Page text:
Only two nights earlier, outside the same People Drug at 14th and U, Stokely Carmichael and a Plainclothes police lieutenant had successfully dispersed a large, angry crowd that had stoned police who responded in force to a reported disturbance there. While Carmichael calmed the crowd, the lieutenant ordered the uniformed police to leave and then stayed behind himself to listen to the citizens' complaints. Similar brushfires had flickered frequently in Washington following shootings and heavy-handed arrests by police in black neighborhoods, but the city had this far avoided full-scale riots those suffered earlier by Los Angeles, Detroit and Newwark.
The crowd Carmichael attracted along 14th street after Martin Luther King's assassination soon grew out of his control, however. The first window was broken by a teenager at the Republic movie theater, just west of 14th street. While Carmichael was pulling the youth away, others on the fringe of the big crowd began kicking in windows at the Peoples Drug back on the corner. Then a middle-aged man who, with tears in his eyes, was loudly denouncing the white man's evil, picked up a street trash can and threw it through the drug store window.
"This is it, baby," someone shouted above the crowd. "Thes - is going to hit the fan now . . . We oughta burn this place down right now. . . Let's get some white m-. . . Let's kill them all."
"You really ready to go out and kill?" Carmichael shouted back. "How you gonna win? What you got? They've got guns, tanks. What you got? If you don't have guns, go home. We're not ready. Let's wait until tomorrow. Just cool it. Go home."
Then Carmichael heard what sounded like gunshots a block away on 14th street. The windows of Sam's pawnbrokers and Rhodes Five and Ten were being smashed. Dozens of people were reaching and jumping through the broken windows to grab watches, jewelry, radios and television sets. It was 10:24 p.m. The looting had begun and police headquarters downtown received the first trouble calls.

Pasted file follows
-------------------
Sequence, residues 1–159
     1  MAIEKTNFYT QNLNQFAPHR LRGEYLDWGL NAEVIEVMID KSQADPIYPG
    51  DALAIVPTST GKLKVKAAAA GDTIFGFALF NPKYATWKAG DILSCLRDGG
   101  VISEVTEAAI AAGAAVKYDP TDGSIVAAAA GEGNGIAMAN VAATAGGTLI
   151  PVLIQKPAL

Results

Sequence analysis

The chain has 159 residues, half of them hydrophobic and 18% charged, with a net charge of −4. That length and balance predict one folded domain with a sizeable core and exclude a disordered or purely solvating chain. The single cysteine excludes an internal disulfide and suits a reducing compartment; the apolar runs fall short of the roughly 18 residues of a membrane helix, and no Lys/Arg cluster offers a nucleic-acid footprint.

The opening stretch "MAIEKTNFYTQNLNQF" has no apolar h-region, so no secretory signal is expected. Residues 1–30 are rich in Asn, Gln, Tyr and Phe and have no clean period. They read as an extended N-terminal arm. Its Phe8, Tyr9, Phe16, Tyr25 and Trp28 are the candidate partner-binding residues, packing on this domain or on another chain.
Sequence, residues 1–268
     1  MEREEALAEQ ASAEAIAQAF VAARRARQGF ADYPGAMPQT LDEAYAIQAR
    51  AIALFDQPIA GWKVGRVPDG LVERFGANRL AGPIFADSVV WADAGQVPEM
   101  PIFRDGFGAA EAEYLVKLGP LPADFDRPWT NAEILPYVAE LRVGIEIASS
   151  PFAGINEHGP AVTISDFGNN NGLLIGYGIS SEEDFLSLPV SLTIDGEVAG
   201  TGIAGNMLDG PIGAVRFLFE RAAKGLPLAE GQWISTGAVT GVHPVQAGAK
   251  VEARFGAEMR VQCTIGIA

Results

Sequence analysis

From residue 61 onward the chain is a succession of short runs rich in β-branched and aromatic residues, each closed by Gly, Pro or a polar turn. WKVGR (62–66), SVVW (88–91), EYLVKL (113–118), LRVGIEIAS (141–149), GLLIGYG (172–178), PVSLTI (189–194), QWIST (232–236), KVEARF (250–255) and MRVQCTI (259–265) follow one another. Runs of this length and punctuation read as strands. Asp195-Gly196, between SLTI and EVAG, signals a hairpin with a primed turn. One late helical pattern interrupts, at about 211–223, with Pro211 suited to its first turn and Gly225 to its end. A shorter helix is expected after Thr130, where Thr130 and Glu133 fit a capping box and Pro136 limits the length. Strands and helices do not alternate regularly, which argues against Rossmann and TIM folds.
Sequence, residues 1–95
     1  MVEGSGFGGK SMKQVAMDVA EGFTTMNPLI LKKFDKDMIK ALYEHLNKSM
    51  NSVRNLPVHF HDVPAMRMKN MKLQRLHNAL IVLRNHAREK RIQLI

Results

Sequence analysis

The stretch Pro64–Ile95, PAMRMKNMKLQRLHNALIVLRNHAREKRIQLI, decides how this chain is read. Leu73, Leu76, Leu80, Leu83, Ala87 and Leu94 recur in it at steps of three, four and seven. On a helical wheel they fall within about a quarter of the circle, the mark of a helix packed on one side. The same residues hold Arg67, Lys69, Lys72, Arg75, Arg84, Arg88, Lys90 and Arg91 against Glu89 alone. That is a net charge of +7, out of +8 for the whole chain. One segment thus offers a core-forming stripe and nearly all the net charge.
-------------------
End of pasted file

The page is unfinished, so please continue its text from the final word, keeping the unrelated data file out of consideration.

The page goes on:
While looters carrying by him appliances, clothing and other booty streamed by him, Carmichael ducked briefly into the doorway of SCLC headquarters. He then dashed across the street and into a waiting car that sped off. The crowd had no leader now. All restraint was gone.
By 11 p.m. windows up and down 14th street being broken as hundreds of looters swarmed from store to store, cleaning them out. The youths dodged police, who had arrived and started chasing them with night-sticks, and threw stones and bottles at firemen, who had come to fight fires started in several parked cars and a handful of looted stores.
Finally, police used tear gas to break up th crowds and then ran down and arrested as many looters as they could. One of the 200 they caught was a 19-year-old carrying seven hats from the London Custom Shop. After watching a television news bulletin about the King shooting at his grandmother's house a few blocks away, he had come down to 14th street to see "what would happen."
By 3 a.m. Friday, police lined 14th street for twenty blocks. Windows had been broken in 200 stores, a few as far away as Hecht's at 7th and F streets downtown and D.J. Kaufman's nearby men's store on Pennsylania Avenue. More than 150 stores had been looted along 14th street and seven had been burned. Appointed Mayor Walter E. Washington and Police Chief John D. Layton left their temporary command post at the old Thirteenth Predinct stationhouse to announce that everything was now quiet. "The crisis is not over," Washington told reporters. "It's still out there, but the police have it well in hand."
If more trouble occurred, they figured, it would not be until Friday night. So Layton sent the police civil disturbance unit home to rest until 5 p.m., and Mayor Washington asked federal officials to have the D.C. National Guard and federal riot-trained troops on alert for Friday night. Chief Layton said he saw no reason to cancel the rest of the week's Cherry Blossom festivities or the parade scheduled for Saturday.